Don't Let Your Job Title Define You

No matter what position you hold in the office, the military, or at home, your given job title should not limit your ability to be successful in pursuing your career field of interest.  Think of yourself as an ongoing marketing campaign, targeting the career you’ve always wanted – the dream job.  Focusing solely on your job title to define your skills, experience, and education, can limit your career path and direction. For instance, just because you lack “Manager” or “Senior…” within your given position title doesn’t necessarily mean that you lack the corresponding experience.  This is particularly relevant to our military veterans.

Does the position of interest require management experience?  Are you hesitant to apply for the position because you have not had “Manager” in your job title?  Start with answering these questions:

  1. Have you ever been put in charge of something?

  2. Do you or have you volunteered for an organization where you were in a leadership role?

  3. Have you taken the initiative to create something new, to make something, make business operations more efficient, or save money?

  4. Have you mentored or trained a group or another colleague with outstanding results?

  5. Have you ever led a project, task, or program?

If your answer is “yes” to any of these questions, you have management experience.

Unfortunately, most career-minded employees bound their thinking, and focus on rigid adherence to roles spelled out in their job description.  The key to changing this behavior is to look holistically at your working experience and assess activities within this experience that point toward your desired profession, while investigating, pursuing, and achieving milestones which balance suitability for desired employment and attractiveness to potential employers.

How?

  • Volunteer for an organization to learn new skill sets and gain experience.

  • Show initiative in your current position by volunteering for a special project.

  • Seek out advancement and promotion opportunities within your organization.

  • Propose a new idea on the job that may improve processes or conditions.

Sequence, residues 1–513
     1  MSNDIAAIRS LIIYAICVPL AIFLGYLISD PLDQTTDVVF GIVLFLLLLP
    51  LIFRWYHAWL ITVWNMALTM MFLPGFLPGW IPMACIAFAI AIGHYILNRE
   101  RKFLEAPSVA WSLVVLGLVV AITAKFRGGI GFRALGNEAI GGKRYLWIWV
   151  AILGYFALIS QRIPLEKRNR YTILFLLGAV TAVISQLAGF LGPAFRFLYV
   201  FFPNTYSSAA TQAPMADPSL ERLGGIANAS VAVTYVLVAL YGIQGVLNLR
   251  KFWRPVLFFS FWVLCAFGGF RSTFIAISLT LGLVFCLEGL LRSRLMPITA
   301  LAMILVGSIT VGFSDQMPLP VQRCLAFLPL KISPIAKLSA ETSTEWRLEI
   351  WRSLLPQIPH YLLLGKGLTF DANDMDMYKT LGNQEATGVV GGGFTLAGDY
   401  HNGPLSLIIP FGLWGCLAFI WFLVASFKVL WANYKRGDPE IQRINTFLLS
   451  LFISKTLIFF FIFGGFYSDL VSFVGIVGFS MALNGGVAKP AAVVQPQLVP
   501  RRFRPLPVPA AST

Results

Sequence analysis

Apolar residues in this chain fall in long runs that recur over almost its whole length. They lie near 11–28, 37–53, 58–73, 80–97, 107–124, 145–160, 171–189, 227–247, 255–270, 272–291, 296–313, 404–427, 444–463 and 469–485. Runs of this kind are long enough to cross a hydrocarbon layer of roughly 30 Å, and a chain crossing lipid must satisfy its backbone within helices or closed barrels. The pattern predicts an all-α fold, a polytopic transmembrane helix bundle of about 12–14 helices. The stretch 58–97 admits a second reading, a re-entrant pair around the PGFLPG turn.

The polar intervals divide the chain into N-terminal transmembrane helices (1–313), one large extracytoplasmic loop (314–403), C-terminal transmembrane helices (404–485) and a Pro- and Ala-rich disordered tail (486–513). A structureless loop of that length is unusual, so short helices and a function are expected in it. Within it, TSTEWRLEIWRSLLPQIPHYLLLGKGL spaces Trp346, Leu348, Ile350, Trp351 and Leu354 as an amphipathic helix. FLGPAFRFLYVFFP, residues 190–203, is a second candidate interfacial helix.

• Join a professional group and volunteer for a committee leadership position.

  • Are you a subject matter expert?  Propose to assist in training fellow employees.

Why?

You will set yourself apart from your peers simply because you’re investing in learning and applying new skill sets and experiences.  Once you master the basics of what you’ve learned, your professional experience becomes more attractive to hiring managers and you’re better equipped to market your professional background with more confidence, simply because you have gained knowledge about other things outside of your job title.

Conduct a Skills Inventory

We must reflect on and inventory what we have to offer:  Transferable skills, experience, knowledge, challenges, business ethic and values.  The purpose behind this necessary reflection process is to discover alternative ways of describing who you are.  You cannot restrict your definition of yourself to your current or previous job title.  The more you reflect and take note of who you really are what you really have to offer, the quicker you will identify the true value you can bring to the table.


Job Reference Etiquette - The DOs and the DON'Ts

Has an employer ever asked you for a list of references?  Were you prepared?  Did you notify your references in advance?  Did you provide favorable and verifiable professional references?  If you answered “no” to any of these questions, you may need a quick refresher on the proper etiquette of providing job references to potential employers.

As both a seasoned hiring manager and recruiter, I have been privy to various blunders that job candidates make when providing references.  Here are some of the most common:

The candidate fails to provide favorable and verifiable PROFESSIONAL references.  These include contacts that can verify information on traits and characteristics of the job candidate, are available for comment, can mention the employee’s specific contributions to the workplace, and have favorable comments to make concerning his/her work history.  Most recruiters don’t consider personal references favorable to their screening process.

  1. Candidates provide recruiters with the number to Human Resources.  What most candidates don’t realize is that a lot of HR departments have strong policies limiting the information they divulge to potential employers with the exception of verifying basic employment information.  It’s best to provide a contact such as a former supervisor or client who can speak to the performance of the job candidate.